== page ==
Marvin Duchow Music Library’s Audiovisual Archives Celebrate World Day for Audiovisual Heritage

In celebration of UNESCO’s World Day for Audiovisual Heritage, the Marvin Duchow Music Library’s Audiovisual Archives opened its doors on Monday, October 27, inviting visitors to learn more about its collections and services, as well as its ongoing preservation efforts.

In addition, special guests Gaétan Pilon and Meggie Savard from the Musée des Ondes Emile Berliner provided a wealth of information regarding the museum’s preservation and conservation efforts, while regaling us with stories of Montreal’s unique audio heritage.

Musee des Ondes Emile Berliner Berliner World Day for Audiovisual Heritage

Gaétan Pilon, President, and Meggie Savard, Development Director, from the Musée des Ondres Emile Berliner

As the preservation of unique performances on obsolete formats is of global concern, the McGill Audiovisual Archives plays a vital role in providing continued access to its unique collection for current and future students, teachers and scholars. In order to shed some light on the precariousness of some of these audiovisual formats, visitors were invited to view a display showcasing a sample of audio and video objects of interest.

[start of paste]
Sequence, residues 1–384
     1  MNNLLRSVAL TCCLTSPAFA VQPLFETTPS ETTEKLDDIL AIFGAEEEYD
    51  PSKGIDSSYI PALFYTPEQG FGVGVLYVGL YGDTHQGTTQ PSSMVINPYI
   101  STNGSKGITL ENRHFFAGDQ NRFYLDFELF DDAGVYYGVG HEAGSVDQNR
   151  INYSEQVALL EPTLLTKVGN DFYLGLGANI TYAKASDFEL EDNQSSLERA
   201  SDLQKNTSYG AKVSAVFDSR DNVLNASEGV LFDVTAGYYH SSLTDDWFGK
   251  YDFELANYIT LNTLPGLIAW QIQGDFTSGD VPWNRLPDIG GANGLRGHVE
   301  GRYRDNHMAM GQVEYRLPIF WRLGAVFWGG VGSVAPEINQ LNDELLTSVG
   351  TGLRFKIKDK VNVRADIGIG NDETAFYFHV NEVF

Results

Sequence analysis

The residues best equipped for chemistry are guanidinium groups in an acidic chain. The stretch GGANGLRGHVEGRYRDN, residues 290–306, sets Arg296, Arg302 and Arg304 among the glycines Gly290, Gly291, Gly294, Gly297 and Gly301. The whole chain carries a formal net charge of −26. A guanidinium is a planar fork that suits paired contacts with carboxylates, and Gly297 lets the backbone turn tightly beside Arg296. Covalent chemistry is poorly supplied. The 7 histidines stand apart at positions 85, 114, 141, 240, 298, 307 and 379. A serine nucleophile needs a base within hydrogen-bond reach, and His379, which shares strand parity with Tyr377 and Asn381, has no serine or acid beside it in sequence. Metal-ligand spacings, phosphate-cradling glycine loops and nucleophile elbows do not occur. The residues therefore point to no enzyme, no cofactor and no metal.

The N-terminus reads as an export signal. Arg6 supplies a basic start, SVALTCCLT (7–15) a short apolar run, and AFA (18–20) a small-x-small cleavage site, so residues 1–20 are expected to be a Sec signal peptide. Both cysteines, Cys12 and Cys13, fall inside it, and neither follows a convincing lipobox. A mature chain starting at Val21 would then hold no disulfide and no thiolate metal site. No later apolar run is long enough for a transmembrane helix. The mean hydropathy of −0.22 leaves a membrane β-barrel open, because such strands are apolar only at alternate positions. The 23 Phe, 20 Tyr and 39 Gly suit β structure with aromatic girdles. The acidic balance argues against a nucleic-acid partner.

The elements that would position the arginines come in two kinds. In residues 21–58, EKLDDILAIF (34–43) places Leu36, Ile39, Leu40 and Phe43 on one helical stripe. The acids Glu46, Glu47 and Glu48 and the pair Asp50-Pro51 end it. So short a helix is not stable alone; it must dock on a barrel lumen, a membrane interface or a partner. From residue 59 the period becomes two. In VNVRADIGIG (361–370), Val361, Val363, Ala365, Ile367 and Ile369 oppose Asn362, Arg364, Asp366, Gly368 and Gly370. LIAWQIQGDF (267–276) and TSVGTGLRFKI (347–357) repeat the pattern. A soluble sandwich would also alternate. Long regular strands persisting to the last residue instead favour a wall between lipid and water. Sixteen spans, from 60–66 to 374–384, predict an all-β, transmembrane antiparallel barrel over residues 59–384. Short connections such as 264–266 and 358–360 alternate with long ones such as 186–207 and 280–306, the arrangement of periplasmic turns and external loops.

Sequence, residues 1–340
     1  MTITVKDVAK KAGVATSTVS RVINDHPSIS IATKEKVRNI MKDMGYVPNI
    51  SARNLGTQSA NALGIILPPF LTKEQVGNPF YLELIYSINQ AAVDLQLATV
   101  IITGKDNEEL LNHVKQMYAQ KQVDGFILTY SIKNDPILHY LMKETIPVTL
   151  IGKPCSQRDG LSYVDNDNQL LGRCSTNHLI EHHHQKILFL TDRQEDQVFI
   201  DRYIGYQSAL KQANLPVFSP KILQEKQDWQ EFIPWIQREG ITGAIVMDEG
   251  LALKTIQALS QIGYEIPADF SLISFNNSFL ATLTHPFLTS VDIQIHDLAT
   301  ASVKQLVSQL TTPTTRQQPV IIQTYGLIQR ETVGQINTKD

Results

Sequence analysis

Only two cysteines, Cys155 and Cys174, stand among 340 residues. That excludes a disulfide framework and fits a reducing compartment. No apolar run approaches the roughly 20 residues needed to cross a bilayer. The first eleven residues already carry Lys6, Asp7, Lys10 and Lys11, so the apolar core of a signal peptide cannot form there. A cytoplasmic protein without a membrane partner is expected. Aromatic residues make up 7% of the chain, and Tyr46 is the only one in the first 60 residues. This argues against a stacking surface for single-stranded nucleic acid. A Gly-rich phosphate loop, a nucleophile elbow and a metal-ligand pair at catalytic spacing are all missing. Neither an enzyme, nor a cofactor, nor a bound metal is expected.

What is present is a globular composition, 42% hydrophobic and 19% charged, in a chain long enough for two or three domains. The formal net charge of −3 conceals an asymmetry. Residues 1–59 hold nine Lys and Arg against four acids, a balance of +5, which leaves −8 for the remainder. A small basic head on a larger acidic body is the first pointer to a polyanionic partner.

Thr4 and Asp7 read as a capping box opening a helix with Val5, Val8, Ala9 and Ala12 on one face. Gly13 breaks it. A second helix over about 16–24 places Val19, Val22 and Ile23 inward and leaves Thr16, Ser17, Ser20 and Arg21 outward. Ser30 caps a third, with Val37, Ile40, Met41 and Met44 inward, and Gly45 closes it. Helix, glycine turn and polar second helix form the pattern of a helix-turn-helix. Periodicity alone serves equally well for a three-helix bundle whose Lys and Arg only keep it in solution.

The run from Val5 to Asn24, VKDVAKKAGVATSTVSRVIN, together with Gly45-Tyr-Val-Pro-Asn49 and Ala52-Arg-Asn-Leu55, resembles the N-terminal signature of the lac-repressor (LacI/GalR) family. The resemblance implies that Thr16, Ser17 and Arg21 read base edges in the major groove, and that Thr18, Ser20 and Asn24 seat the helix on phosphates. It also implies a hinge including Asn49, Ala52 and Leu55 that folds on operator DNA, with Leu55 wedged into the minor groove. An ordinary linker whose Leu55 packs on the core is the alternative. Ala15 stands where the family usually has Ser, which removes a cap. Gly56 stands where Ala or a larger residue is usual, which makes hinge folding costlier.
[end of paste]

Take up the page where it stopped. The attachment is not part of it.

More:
Here, we see a few items showing various degrees of deterioration: the long-term effects of fingerprints on a shellac 78 disc, the delamination of an aluminum-based lacquered transcription disc, as well as a CD showing signs of “bronzing”, a form of CD rot.

Unstable formats, deteriorating materials, scarcity of playback equipment and parts in addition to qualified repair technicians are but some of the challenges audiovisual archivists are faced with when it comes to preserving content stored on the multitude of formats typically found in their care.

The open door event in celebration of the World Day for Audiovisual Heritage provided us an opportunity to share with our peers, students and faculty the importance of these preservation initiatives as we continue our efforts to ensure the accessibility of our audiovisual collections for generations to come.

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